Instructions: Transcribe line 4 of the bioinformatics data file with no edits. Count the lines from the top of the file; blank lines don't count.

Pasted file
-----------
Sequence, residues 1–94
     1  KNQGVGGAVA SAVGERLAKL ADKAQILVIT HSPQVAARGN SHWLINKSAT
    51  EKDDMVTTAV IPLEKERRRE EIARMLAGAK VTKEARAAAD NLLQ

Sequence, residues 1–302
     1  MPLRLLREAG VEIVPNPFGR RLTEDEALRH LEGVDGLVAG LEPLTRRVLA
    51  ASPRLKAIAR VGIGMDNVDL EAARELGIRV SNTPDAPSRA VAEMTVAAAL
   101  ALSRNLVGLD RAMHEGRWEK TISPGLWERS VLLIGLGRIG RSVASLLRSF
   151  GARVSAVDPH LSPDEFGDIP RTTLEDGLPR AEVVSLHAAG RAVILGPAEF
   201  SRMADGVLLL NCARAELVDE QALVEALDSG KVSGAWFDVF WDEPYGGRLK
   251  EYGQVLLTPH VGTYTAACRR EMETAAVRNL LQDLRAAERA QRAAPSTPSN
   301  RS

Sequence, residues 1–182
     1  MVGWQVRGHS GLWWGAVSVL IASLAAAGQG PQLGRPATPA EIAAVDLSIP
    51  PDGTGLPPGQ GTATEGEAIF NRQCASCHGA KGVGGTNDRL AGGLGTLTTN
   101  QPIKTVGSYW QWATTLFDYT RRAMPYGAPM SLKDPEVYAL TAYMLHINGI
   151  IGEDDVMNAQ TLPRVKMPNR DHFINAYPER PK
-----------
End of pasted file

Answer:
Sequence, residues 1–302